There's no doubt that for many Celtics fans, the outlook for today's game with the visiting Orlando Magic was little different that the mindset heading into last Wednesday's game against the 76ers, or next Wednesday's game at Philly. When two terrible teams square off and a tantalizing rookie class is just a few months away in this spring's draft, the objective is fairly clear - tank with no remorse.
Even though the TD Garden filled to a pretty respectable level for a Super Sunday meeting between two of the league's worst, there was surely a good chunk of that crowd rooting for the Celtics to lose. After all, that's in the long-term best interest of the franchise.
Riggin' for Wiggins, Sorry for Jabari, Need for Embiid - the catchphrases have a nice ring to them. Losing February games makes a lot of sense for the Celtics' front office, and it has an understandable appeal to a Boston fanbase that's insatiably hungry to win more championships.
That concept is lost on players, though. Tanking now might have a positive impact on the Celtics over the next decade, but try telling that to Jared Sullinger, who's still on a rookie deal and has no idea what the future holds. Or Rajon Rondo, who is 17 months away from free agency, or Avery Bradley, who's a restricted free agent himself this summer. Or Jeff Green or Brandon Bass or any one of a host of other guys playing through trade rumors this season.
These guys are Celtics for now, but they're playing for their own individual pride more than anything else. So considering the devastating ego blow it must be to go 2-15 in the month of January, it's pretty nice for these players to get a W every now and again - as they did today, beating the Magic 96-89. If nothing else, it'll keep them sane.
"We needed this," said Bass, who started strong and finished with 19 points and nine rebounds to help anchor the Celtics. "We were able to get it, so it feels good."
Tanking might be the long-term outlook, but in the micro picture, a win sure does feel nice for a Celtic team that's endured a lot the last month. Amid all the travel, the difficult Western Conference opponents, the injuries and the personnel shakeups, it became easy to succumb to the tanking storyline and let the losses happen.
February is a clean slate, though, and the Celtics are now home, healthy and looking forward to a softer schedule. This win may have been the beginning of something.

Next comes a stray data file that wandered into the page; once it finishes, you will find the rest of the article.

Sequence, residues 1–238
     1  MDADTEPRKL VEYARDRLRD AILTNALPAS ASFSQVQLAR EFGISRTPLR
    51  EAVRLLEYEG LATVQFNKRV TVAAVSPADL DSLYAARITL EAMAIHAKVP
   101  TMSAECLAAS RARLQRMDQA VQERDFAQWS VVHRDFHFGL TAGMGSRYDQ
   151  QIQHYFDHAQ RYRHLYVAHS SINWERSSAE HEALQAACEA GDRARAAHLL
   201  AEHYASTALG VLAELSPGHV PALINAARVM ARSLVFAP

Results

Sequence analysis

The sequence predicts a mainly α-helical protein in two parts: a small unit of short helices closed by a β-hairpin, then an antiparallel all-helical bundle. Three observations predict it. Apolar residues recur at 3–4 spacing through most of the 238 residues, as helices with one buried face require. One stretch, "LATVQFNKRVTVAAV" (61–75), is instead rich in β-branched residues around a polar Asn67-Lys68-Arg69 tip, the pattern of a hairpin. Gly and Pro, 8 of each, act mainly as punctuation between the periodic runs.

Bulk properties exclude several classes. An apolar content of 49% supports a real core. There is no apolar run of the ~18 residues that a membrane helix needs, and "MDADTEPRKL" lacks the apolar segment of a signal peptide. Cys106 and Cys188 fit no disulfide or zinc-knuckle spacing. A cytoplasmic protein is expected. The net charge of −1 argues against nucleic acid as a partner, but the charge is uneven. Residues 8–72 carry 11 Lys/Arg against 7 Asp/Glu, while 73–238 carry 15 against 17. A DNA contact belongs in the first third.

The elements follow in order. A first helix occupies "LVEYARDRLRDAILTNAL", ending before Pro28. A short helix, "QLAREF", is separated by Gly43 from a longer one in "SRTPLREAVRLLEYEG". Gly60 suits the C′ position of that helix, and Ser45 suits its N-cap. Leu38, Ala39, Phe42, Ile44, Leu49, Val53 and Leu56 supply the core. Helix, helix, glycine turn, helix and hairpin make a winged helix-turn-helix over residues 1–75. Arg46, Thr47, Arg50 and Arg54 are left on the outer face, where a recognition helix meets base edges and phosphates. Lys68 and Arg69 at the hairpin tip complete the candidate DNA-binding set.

"I thought it was very important for us to start the month off," said Rondo, who flirted with a triple-double with 19 points, 10 assists and six rebounds. "We don't gave a difficult month games-wise - we only play 11 games. There will be a lot of days where we get to rest, so we have to take advantage of the opportunity we have to prepare to teams, let our bodies heal and get some wins this month."
In the grand scheme of things, nabbing the occasional win against a bad team at home won't move the needle much for the Celtics. For reference: This victory moved the C's from the third worst record in the NBA to fourth, which changes their odds of the No. 1 pick from 15.6 percent to 11.9. In other words, the odds of a win like this costing you Wiggins are about the same as the odds of tossing heads five times in a row.
Which is to say: No one's thinking about draft position in February. The Celtics are just focused on improving their play and lifting their morale.
"It's us getting a win, more than anything," Bradley said. "It's something to build from. We've just got to continue to keep getting better as a team."
For those who thought the season was effectively over for the Celtics, you may want to think again. The C's still have 33 games left to play this year, and they plan on playing out this string to the best of their abilities.
"For sure," Bradley said. "We've always been a team like that. After the break, we usually play well because of having a leader like Rondo. He lets us know that anything's possible. We come out strong. We have a chance to break off a run and win eight games straight if we play harder than everybody else."
For Bradley and the Celtics, that's still the mindset. Even if thousands of their own fans resist, the players are going to keep fighting.